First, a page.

St. Croix Prep has a state- of-the-art archery facility.
Archery is a team sport regulated by a national organization called the National Archery in the Schools Program (NASP). This may be the first time you’ve been told either of those things—unless you are associated with St. Croix Preparatory Academy in Stillwater. Archery gets a lot of school support at St. Croix Prep. SCPA has an indoor facility for archery practice and competition. There are other schools in the region with teams, but few schools in the country give archery that kind of focus.
John Slate is the head coach. Tim Warmka is the assistant coach. They agree that archery is a sport that offers a team experience to young people who may not be traditional athletes.
“Archery is more of a mind game than some other sports,” says Slate. “Kids who would like to be part of team but maybe aren’t interested in football or basketball often gravitate to it.” Slate says archery takes focus and discipline and that, even though a tournament team involves 24 students, it’s also an individualized sport. Of the 24 competitors, only the top 12 scores are counted in the final tally, so everyone goes to the line to try to do their personal best.
Archery isn’t an expensive sport to get involved with at the high school level. The only kind of bow the NASP allows in competition is the Genesis Original bow which costs about $220 new—including arrows, arm guard and quiver—but if you want to join the team at SCPA you can rent a bow and arrows—the whole kit—for $40 for the season.
The student athlete’s investment doesn’t need to be significant, but St. Croix Prep has made an investment in the team by giving them dedicated time in a gym that lets the coaches control practice schedules. Archery teams at other schools may have to carve out space around other sports and practice in a loud and crowded gym.
“We are very fortunate to have the facility we have compared to other teams,” Warmka says. “The school has really made a commitment to our team.”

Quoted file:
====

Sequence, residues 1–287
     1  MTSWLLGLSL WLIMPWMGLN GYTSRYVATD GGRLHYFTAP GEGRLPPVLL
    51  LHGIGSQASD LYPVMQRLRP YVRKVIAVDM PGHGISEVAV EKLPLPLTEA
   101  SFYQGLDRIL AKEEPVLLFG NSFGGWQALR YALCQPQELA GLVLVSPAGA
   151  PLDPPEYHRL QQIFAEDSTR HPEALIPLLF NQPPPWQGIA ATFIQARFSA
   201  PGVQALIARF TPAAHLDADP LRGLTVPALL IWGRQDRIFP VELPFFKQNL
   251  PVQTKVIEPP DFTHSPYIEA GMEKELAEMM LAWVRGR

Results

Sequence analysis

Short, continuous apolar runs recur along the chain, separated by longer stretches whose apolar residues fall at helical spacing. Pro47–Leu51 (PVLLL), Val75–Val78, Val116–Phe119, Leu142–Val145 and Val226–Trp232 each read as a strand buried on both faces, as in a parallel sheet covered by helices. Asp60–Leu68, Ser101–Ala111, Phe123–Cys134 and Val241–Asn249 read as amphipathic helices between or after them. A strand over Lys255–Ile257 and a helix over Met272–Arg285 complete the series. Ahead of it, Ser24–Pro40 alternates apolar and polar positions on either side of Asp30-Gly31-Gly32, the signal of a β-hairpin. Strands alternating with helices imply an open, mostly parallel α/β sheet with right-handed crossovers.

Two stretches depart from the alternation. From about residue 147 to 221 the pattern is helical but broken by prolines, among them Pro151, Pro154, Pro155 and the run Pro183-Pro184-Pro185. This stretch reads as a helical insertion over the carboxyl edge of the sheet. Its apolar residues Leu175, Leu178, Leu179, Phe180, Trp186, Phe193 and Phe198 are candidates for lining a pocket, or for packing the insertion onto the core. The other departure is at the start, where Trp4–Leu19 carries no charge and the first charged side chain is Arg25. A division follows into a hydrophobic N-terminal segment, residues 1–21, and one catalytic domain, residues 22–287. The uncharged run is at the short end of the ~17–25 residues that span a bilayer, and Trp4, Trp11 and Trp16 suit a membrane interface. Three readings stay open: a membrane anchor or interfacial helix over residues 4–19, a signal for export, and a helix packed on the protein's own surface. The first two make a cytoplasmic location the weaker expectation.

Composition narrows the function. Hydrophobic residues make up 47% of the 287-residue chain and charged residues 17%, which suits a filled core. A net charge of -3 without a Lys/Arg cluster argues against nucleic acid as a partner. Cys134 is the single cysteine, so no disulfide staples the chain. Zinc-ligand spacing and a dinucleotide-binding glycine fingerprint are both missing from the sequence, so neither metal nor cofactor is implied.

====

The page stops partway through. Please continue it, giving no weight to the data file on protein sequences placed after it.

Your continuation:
St. Croix Prep teams are not strangers to state and national tournaments and the coaches are particularly proud of 2016 High School Female National Champion Rowen McAllister. Coach Warmka was with her when she won a $20,000 college scholarship in a head-to-head shoot-out—meaning the archer closest to the bull’s eye was given the scholarship.
“The day is a bit of a blur, but I particularly remember the advice of my coaches and the support from my peers,” McAllister says. “I remember my head coach, John Slate, called me from his daughter’s wedding to remind of something he said to all of us all the time—‘just breathe.’”
Even though McAllister had been on the archery team since seventh grade, she didn’t think of herself as national championship material.
“Coach Warmka, who was the only coach there with me, reminded me that whatever happened in the shoot-out, he was so proud of me,” she says.
McAllister is currently in school at Clark University in Worcester, Mass. where, unfortunately, there’s no archery team. But she says she will always remember her high school archery career with gratitude and fondness.
“The coaches are so dedicated to the sport, putting in so much time and energy for the students. Their mentorship was so important to me during high school. I am so grateful for them and the SCPA archery team,” she says.